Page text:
As German neo-Nazi trial ends, families still seek answers

Families of those killed by a neo-Nazi group that sought to terrorize migrants in Germany called Tuesday for the investigation into the case to continue, even as the trial of its only known surviving member and four supporters draws to a close this week.

Campaigners and lawyers for the relatives claim there is compelling evidence the National Socialist Underground — suspected of 10 killings and at least two bomb attacks — had a wider network of supporters than authorities have acknowledged, including people who were paid informants for the German security services.

The case sent shockwaves through German society at a time when many believed the country was slowly accepting its migrant population. It has gained additional significance with the rise of the far-right Alternative for Germany party in recent years. The party has taken a strong anti-immigration line, railing against refugees and questioning whether even second- and third-generation immigrants truly belong to German society.

The National Socialist Underground, or NSU, operated in secret for almost 14 years before two of its three core members died in an apparent murder-suicide in 2011. A claim of responsibility subsequently mailed to media by Beate Zschaepe, now on trial in Munich, exposed myriad mistakes by investigators, who had long ruled out a far-right motive and instead suspected the migrants of being involved in organized crime, prompting accusations of institutional racism from human rights groups ,

"The NSU killed my father. The investigators took his honor," said Gamze Kubasik, the daughter of Mehmet Kubasik, a Turkish-born man who was shot dead in his convenience stall in the western city of Dortmund on April 4, 2006.

Seven other men of Turkish origin, a Greek man and a German policewoman were also killed by the group between 2000 and 2007.

Kubasik told reporters that she and other relatives had hoped for "100-percent clarity" when the trial began five years ago.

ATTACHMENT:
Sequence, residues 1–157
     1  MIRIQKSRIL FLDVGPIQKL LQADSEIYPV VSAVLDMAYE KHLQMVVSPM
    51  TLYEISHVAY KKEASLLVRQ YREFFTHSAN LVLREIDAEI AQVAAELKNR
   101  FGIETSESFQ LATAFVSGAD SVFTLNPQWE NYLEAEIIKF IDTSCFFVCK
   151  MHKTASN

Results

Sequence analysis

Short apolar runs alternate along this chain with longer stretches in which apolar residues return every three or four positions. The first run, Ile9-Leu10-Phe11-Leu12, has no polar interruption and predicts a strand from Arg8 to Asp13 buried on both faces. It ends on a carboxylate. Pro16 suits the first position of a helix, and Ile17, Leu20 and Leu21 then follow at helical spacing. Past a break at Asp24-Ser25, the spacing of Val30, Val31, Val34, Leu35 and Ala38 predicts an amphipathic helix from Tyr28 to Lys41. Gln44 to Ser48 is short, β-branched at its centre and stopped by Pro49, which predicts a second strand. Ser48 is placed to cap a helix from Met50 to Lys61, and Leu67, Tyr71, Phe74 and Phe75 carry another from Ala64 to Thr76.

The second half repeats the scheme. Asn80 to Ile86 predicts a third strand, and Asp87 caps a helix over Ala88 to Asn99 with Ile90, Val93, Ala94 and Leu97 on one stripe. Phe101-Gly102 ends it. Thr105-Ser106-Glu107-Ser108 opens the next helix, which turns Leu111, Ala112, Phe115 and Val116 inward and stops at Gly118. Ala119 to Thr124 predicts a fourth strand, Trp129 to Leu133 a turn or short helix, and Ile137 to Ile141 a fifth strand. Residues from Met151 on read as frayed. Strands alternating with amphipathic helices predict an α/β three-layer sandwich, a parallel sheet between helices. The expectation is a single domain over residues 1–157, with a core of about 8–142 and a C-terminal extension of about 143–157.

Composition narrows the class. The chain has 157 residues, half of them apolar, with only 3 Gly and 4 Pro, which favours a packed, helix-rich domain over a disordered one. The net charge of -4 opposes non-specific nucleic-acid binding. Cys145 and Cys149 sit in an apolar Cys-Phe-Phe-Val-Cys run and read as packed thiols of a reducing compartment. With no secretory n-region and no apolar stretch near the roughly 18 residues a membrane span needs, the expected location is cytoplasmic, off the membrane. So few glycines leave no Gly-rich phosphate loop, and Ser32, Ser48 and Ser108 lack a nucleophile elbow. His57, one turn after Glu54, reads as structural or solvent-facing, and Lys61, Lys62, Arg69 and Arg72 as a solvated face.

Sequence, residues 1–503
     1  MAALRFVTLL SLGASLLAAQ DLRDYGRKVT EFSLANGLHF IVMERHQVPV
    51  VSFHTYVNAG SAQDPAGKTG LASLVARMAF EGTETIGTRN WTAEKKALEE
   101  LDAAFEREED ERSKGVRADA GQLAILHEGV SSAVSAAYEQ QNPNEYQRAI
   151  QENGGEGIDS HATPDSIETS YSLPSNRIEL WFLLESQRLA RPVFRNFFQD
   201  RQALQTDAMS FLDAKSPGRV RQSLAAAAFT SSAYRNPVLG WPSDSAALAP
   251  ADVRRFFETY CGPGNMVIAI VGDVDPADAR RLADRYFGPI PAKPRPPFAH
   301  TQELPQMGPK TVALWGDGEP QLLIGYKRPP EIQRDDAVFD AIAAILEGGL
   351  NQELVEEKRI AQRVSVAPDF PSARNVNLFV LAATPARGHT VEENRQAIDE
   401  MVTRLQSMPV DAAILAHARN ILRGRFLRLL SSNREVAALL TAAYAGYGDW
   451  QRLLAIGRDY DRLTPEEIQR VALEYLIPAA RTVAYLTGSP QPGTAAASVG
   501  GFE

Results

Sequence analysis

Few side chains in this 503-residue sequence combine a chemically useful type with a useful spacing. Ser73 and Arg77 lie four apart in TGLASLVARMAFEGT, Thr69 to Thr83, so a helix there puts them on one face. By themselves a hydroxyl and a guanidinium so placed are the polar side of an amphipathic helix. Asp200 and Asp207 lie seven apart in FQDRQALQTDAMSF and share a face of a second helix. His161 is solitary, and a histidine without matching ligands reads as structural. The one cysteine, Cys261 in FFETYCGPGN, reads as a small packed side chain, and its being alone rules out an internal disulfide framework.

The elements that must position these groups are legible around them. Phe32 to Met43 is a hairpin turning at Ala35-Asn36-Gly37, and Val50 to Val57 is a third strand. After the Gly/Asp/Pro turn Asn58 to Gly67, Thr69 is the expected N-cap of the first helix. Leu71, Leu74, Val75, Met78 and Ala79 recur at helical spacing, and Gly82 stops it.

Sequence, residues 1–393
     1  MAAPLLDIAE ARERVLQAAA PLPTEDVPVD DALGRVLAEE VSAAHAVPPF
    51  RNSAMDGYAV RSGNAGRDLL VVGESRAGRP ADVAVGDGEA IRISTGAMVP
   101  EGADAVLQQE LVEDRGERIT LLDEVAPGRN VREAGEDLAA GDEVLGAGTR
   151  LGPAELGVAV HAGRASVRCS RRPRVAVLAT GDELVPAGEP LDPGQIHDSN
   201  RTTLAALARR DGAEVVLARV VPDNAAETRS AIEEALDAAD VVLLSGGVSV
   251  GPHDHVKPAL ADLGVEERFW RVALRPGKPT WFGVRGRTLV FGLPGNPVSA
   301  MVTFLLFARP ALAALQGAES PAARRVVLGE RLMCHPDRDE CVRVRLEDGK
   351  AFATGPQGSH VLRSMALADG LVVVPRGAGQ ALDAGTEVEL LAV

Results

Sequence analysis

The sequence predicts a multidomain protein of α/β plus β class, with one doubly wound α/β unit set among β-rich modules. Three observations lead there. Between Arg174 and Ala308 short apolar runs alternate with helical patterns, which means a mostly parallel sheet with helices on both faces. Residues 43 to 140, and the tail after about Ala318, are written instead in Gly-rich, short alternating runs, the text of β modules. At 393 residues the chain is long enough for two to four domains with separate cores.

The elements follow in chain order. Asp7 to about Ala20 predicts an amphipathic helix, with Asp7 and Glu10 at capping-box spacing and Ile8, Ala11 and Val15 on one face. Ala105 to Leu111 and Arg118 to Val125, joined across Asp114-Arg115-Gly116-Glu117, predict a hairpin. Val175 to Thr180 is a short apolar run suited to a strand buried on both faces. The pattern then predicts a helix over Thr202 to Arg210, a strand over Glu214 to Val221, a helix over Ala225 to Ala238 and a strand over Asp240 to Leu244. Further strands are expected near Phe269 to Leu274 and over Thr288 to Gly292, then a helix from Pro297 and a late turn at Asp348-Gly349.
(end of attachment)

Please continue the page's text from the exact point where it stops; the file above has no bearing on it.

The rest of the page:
"Now there's a big hole inside of me," she said.

Among the key questions families had hoped the trial would reveal was why their relatives were targeted, said Abdulkerim Simsek, son of Enver Simsek, who died two days after being shot at his flower stall in Nuremberg on Sept. 9, 2000.

"Why did the killers choose my father," Simsek said. "I can't and won't believe that it was chance."

Lawyers representing the families as plaintiffs in court, as allowed under German law, say the wide geographical distribution of the victims suggests the NSU received information from local contacts in the cities where the killings were carried out.

In one case, an employee of the country's domestic intelligence agency was inside an internet cafe when the owner was gunned down, but claimed not to have seen or heard anything untoward.

After the NSU was exposed, a string of mistakes by Germany's many federal and state-level security agencies also came to light, including the fact that paid informants with codenames such as "Primus," ''Piatto" and "Corelli" were close to the group for years.

Chancellor Angela Merkel publicly apologized to the victims and their families, pledging that authorities would "do everything to investigate the murders, uncover those who helped and back them, and ensure the perpetrators get their just punishment."

Sebastian Scharmer, a lawyer for the Kubasik family, accused federal prosecutors of dragging their feet in the investigation, thereby allowing "crude conspiracy theories" to flourish.

A spokeswoman for the Federal Prosecutors Office, Frauke Koehler, said that nine people were still being investigated, but it's unclear whether any of them will be charged.

Scharmer said he feared a group like the NSU could strike again, despite Zschaepe's likely life sentence Wednesday and the death of her two alleged accomplices, Uwe Boehnhardt and Uwe Mundlos.

"It could happen again at any moment, if it's not already happening," he said.


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